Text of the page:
As far as the judge not declining this case, I don't think it was necessary. If you can show actual legal fault in his ruling that could reasonably show that he was bias, then go for it. So far, no one has been able to show what exactly the legitimate state interest that is being furthered is by not allowing same sex marriage. And that is especially true for the anti-SSM legal team of this case.
    "A woman is like a teabag, you never know how strong she is until she gets in hot water." - Eleanor Roosevelt

    Keep your religion out of other people's marriages.

  7. #37
    Global Moderator
    Moderator

    Zyphlin's Avatar
    Join Date
    Jul 2005
    Location
    NoMoAuchie
    Last Seen
    @
    Gender
    Lean
    Independent
    Posts
    48,013

    Re: U.S. gay judge never thought to drop marriage case

    Quote Originally Posted by CriticalThought View Post
    I'm sorry, was Walker married in California to a man? If not, then it does not affect him.
    Incorrect.

    It bestows upon him a right he previously didn't have. Just because he doesn't choose to exercise that right doesn't mean it doesn't affect him.

    Up until recently I didn't own a gun. I didn't have any immediete plan to buy a gun. However, if they repealed the 2nd amendment it would affect me because it would remove my right to buy one if at some point I ever chose to do it.

  8. #38
    Sage
    disneydude's Avatar
    Join Date
    Jan 2006
    Location
    Los Angeles
    Last Seen
    Today @ 12:49 PM
    Gender
    Lean
    Liberal
    Posts
    25,145

    Re: U.S. gay judge never thought to drop marriage case

    Quote Originally Posted by danarhea View Post
    Since the law would affect him directly, then there is a conflict of interest. He should have recused himself, and by not doing so, he allowed that question to be inserted into the case by showing an appearance of impropriety. Whether or not he was biased is not the question, but the appearance of impropriety is, whether he intended it or not. That is why, by not recusing himself, he muddled the playing field on this issue. A good judge would not have allowed this to happen, but would have recused himself in order to prevent this from becoming an issue in the first place.


    Why would a gay judge have to recuse himself and a straight judge would not. Why would a straight judge not be just as biased against gay marriage (Appearance of impropreity speaking) than a gay judge would be in favor of it?
    <font size=5><b>Its been several weeks since the Vegas shooting.  Its it still "Too Early" or can we start having the conversation about finally doing something about these mass shootings???​</b></font>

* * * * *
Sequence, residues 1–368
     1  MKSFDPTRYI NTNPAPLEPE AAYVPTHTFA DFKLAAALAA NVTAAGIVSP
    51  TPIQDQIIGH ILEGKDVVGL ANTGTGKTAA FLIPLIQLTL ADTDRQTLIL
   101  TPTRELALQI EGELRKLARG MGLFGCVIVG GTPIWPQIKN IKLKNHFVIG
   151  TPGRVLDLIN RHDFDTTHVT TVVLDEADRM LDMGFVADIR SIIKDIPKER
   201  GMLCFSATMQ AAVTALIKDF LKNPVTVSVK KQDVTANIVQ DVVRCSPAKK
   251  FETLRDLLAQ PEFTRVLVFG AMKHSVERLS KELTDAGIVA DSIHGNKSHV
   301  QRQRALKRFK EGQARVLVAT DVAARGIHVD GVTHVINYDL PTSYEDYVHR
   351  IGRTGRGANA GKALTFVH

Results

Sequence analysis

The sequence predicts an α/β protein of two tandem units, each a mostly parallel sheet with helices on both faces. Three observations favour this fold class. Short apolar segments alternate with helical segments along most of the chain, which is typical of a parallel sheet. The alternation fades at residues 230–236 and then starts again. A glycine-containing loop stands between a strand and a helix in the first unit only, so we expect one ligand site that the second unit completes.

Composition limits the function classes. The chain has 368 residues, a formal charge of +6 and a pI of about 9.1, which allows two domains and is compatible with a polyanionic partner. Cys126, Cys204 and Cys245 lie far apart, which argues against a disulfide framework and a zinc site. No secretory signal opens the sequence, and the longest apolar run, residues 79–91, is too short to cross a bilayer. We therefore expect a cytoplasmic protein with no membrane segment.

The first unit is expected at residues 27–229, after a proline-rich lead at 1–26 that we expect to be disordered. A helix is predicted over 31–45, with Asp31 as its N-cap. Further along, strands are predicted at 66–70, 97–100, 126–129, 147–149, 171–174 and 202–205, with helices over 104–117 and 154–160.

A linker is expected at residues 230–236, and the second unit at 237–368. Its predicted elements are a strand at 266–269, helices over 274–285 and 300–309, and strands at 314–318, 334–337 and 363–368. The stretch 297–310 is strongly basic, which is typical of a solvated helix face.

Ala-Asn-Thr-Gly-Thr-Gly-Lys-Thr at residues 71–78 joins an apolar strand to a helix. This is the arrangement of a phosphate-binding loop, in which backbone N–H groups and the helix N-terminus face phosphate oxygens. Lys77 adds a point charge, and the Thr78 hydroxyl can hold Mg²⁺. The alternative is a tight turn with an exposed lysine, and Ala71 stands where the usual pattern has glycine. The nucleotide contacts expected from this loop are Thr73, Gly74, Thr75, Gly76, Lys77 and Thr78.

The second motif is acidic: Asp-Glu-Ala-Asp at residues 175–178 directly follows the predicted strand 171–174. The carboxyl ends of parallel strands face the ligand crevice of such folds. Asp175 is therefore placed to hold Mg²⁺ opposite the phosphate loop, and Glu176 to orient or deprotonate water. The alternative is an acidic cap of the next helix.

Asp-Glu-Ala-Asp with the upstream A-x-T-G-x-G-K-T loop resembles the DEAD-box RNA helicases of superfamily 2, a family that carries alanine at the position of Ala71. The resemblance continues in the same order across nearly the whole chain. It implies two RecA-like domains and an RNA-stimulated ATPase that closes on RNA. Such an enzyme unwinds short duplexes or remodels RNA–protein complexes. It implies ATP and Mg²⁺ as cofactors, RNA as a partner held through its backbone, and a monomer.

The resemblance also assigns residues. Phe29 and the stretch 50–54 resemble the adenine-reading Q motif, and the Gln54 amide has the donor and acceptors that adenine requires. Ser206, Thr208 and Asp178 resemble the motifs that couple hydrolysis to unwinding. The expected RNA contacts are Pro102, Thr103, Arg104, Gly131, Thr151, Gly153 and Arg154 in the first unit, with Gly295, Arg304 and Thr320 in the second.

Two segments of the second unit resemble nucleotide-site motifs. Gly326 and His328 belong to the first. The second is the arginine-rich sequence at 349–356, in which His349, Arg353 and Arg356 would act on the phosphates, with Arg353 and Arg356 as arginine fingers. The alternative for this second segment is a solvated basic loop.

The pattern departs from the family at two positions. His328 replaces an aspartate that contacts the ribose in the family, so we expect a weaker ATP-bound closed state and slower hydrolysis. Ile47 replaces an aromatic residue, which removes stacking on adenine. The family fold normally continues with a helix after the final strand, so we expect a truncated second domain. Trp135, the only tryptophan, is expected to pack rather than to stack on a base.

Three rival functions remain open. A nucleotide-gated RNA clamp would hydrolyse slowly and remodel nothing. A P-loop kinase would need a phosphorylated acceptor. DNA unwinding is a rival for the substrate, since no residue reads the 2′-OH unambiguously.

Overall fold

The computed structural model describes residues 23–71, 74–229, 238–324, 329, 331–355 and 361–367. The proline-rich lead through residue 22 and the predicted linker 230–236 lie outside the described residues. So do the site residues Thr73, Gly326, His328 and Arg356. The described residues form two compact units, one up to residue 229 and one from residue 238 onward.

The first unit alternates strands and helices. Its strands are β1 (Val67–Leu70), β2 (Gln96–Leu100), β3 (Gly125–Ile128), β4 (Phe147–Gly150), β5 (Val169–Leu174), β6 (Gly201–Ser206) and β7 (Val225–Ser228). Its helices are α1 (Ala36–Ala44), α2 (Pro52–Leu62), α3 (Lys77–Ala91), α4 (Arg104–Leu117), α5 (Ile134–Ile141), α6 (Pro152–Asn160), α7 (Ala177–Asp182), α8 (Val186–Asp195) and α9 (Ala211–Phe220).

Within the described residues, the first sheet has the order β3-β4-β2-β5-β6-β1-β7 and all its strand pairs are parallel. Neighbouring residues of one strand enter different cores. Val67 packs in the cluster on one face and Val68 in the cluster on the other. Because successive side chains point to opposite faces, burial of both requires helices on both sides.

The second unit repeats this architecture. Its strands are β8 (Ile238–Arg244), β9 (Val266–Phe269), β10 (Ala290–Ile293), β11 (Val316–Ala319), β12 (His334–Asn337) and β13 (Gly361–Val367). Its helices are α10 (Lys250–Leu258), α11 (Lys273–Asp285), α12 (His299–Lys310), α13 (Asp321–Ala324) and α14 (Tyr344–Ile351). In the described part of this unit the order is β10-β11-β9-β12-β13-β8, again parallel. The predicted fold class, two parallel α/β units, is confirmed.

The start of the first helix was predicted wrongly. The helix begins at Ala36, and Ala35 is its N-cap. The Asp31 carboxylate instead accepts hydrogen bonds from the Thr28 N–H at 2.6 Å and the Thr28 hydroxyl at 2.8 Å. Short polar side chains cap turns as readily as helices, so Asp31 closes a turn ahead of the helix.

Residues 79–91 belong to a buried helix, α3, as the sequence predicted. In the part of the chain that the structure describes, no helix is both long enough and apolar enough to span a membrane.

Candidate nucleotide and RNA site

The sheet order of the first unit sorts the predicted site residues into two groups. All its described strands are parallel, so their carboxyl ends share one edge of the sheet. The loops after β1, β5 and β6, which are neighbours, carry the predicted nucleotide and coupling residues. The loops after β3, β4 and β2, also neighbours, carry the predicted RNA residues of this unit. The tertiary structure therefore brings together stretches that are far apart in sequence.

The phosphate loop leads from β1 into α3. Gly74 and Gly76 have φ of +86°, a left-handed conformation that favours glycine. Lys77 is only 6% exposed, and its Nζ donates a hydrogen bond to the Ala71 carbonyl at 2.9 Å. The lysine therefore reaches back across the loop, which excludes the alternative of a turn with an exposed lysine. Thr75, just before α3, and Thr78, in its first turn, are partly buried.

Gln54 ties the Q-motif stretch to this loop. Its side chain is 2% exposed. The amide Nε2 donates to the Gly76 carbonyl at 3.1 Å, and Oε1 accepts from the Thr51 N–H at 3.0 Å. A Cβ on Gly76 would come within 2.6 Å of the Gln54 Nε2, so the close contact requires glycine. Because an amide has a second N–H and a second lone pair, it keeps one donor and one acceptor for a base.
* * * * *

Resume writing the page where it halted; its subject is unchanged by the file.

9. #39
    Sage
    disneydude's Avatar
    Join Date
    Jan 2006
    Location
    Los Angeles
    Last Seen
    Today @ 12:49 PM
    Gender
    Lean
    Liberal
    Posts
    25,145

    Re: U.S. gay judge never thought to drop marriage case

    Quote Originally Posted by Zyphlin View Post
    Incorrect.

    It bestows upon him a right he previously didn't have. Just because he doesn't choose to exercise that right doesn't mean it doesn't affect him.

    Up until recently I didn't own a gun. I didn't have any immediete plan to buy a gun. However, if they repealed the 2nd amendment it would affect me because it would remove my right to buy one if at some point I ever chose to do it.
    Well...by that logic, only people who don't own guns should be able to rule on 2nd amendment issues, because people who own guns have a propriety interest in the outcome of the case. Silly logic in either case.
    <font size=5><b>Its been several weeks since the Vegas shooting.  Its it still "Too Early" or can we start having the conversation about finally doing something about these mass shootings???​</b></font>

  10. #40
    Sage
    CriticalThought's Avatar
    Join Date
    Jun 2009
    Last Seen
    Yesterday @ 10:17 AM
    Gender
    Lean
    Libertarian
    Posts
    18,136

    Re: U.S. gay judge never thought to drop marriage case

    Quote Originally Posted by Zyphlin View Post
    Incorrect.

    It bestows upon him a right he previously didn't have. Just because he doesn't choose to exercise that right doesn't mean it doesn't affect him.
    How? It would bestow the exact same right on everyone. Every person would be bestowed with a right that they did not previously have. As such, any judge could marry someone of the same sex. So why would it be any different with any other judge?
    Last edited by CriticalThought; 04-07-11 at 04:41 PM.

Page 4 of 6 FirstFirst ... 23456 LastLast

Posting Permissions

  • You may not post new threads
  • You may not post replies
  • You may not post attachments
  • You may not edit your posts
  •